The 2012 Bordeaux vintage did not get off to a good start. Following a cold winter and wet spring, the April rains drenched the Bordeaux wine region. Following the April rains, there were outbreaks of mildew, which required spraying. May was warmer than April. Things cooled down a bit again in June. All this brought on flowering that was late and uneven. That resulted in small bunches with berries that ripened at different times, which brought down the quantities and necessitated in serious work in the vineyards and intensive sorting at harvest.
While a growing season is never over until it’s over, uneven flowering is never a good omen. The lateness in the flowering pushed the entire vintage back 2 to 3 weeks, depending on the chateaux. Generally speaking, late harvests are not usually harbingers of good things to come.
If everything that took place until the end of June didn't offer what happened next offered additional challenges with 2012 Bordeaux vintage. After an average July, Bordeaux experienced a torrid heat spell and drought in August and September that stressed the vines, especially the young vines. At one point, temperatures soared to 42 degrees Celsius, which is 107 degrees! Other days crossed 100 degrees. It was extremely hot and dry. The vines shut down and the vintage was on track to be even later than originally anticipated. Close to the end of September, things improved due to the much hoped for combination of warm days, cool nights and some desperately needed rain, which helped nourish the vines. The initial days of October offered reasonably warm temperatures during the day, coupled with cooler weather at night for vintners with Merlot ready to pick.
In the Medoc, it was hurry up and wait. Tom Petty could have been blasting with “Waiting is The Hardest Part,” because growers needed to wait as the Cabernet Sauvignon was having difficulties ripening. This was already October. The conventional wisdom says, at some point, there was little to be gained by waiting and more to lose, so the 2012 Bordeaux harvest started taking place. Some estates began picking young Merlot in late September, but most held back until about October 1, with a few growers waiting another week or longer. Most producers brought all their fruit in by the middle of October.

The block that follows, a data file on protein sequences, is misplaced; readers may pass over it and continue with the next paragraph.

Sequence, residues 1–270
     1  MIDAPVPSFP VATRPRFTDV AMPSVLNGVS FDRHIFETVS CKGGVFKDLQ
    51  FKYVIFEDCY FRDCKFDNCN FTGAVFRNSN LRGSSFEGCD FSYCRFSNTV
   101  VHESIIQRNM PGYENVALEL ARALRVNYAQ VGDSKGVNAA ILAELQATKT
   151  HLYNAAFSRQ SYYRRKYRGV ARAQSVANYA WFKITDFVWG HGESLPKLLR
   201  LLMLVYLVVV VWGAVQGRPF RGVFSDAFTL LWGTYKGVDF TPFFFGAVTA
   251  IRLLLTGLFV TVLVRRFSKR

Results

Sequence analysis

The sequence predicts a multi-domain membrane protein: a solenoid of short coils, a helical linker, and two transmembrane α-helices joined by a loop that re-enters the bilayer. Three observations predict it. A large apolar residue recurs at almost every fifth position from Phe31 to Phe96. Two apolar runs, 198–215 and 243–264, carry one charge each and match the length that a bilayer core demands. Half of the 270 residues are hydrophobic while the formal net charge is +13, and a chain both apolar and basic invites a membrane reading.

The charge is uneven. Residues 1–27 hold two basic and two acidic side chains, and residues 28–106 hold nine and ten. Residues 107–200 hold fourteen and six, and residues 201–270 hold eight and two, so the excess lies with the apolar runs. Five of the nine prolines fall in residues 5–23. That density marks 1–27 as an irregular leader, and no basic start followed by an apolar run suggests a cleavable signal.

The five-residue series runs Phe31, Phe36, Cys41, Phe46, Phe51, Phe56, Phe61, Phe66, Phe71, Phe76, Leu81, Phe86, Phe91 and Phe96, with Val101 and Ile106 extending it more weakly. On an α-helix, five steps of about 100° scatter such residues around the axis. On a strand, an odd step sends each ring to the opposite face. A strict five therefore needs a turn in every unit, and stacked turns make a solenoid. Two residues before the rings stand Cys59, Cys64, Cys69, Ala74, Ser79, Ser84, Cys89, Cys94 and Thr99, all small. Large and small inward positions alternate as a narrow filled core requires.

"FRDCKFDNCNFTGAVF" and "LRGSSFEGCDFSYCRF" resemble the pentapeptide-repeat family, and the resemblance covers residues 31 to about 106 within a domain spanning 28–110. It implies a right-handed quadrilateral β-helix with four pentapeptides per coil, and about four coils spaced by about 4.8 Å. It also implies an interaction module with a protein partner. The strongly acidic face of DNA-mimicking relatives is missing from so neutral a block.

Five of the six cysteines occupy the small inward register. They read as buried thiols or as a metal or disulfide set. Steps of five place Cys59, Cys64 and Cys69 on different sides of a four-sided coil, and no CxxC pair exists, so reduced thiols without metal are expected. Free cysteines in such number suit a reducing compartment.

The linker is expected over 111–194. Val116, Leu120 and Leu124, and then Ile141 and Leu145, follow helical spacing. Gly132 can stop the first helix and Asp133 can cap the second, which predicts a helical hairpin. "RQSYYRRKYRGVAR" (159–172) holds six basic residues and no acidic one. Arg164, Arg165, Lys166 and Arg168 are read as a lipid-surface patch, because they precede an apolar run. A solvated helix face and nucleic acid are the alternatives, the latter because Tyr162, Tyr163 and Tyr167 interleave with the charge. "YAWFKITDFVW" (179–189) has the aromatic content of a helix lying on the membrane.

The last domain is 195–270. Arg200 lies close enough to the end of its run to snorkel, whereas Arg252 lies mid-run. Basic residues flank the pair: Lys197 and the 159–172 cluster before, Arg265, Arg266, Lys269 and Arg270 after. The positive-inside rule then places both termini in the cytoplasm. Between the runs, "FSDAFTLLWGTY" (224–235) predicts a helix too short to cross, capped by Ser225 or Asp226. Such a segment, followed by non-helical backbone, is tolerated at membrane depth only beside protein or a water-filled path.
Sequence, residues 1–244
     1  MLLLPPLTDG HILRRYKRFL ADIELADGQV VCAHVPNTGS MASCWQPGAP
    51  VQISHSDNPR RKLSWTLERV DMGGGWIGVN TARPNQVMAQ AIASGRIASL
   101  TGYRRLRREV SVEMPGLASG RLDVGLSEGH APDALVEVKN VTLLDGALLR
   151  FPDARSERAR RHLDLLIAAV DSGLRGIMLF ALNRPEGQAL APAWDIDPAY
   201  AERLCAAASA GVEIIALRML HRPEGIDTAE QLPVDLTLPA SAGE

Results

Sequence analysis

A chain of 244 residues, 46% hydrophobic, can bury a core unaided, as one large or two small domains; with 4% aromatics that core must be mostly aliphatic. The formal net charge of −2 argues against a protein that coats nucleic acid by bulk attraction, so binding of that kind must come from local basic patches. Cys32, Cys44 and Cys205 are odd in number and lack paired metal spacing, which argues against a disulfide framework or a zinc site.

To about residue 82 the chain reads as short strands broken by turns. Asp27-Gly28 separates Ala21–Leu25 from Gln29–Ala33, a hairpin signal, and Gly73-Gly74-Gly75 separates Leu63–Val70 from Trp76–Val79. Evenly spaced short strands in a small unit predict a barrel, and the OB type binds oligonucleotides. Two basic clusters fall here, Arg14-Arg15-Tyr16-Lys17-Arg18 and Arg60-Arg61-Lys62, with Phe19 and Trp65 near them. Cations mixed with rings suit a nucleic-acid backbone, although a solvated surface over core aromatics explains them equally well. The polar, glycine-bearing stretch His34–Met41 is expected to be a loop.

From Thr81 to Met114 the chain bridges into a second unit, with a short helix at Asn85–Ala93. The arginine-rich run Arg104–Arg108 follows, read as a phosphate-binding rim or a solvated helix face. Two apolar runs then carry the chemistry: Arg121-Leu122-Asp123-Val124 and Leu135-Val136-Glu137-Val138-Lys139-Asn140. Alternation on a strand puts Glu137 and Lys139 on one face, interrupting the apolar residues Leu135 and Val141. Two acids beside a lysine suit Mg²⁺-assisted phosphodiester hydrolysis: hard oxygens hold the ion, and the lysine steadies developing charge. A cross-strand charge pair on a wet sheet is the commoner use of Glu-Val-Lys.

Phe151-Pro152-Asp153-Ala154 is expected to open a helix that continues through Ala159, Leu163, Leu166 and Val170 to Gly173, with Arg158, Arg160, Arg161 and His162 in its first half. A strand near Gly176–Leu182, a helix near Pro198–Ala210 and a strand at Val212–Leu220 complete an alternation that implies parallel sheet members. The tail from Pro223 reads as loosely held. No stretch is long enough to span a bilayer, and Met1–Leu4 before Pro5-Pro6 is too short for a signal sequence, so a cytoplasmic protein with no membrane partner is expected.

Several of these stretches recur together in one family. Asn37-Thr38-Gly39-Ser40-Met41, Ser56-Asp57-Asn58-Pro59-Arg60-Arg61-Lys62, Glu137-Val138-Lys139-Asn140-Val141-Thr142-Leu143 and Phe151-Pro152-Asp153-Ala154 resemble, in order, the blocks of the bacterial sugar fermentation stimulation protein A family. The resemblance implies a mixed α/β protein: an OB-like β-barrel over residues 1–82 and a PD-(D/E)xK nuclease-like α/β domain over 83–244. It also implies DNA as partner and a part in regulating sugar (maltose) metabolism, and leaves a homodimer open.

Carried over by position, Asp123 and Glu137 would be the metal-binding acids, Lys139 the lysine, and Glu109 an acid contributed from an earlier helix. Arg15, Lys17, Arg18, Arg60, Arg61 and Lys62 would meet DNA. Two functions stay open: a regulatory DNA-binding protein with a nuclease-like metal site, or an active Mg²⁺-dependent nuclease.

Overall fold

Pomerol is usually the first appellation to harvest, due to their Merlot dominated vines. Interestingly, picking was taking place simultaneously in the Left Bank on October 1. Numerous Pessac Leognan properties began their harvest before Pomerol. Chateau Haut Brion began working on their young Merlot vines September 17 and Chateau Haut Bailly was not far behind, with a September 27 start date. Most chateaux were in the thick of things by October 4, although Domaine de Chevalier held off until October 8.
While pleasant, cooler weather was initially forecast to continue, by October 8, things changed quickly when massive amounts of rain dropped over the entire Bordeaux region. With accompanying temperatures in the mid to upper 60’s and higher in some areas, vintners were concerned about the potential of Botrytis, due to the humid, tropical conditions. At that point, the fruit needed to be picked, regardless of the state of maturity. Similar to what took place last year with the 2011 Bordeaux vintage, ripening was uneven. It was not just bunches that were not ripening, individual grapes in bunches achieved varying degrees of ripeness which made sorting more important than ever. Optical sorting was more widely used than ever with the 2012 Bordeaux harvest.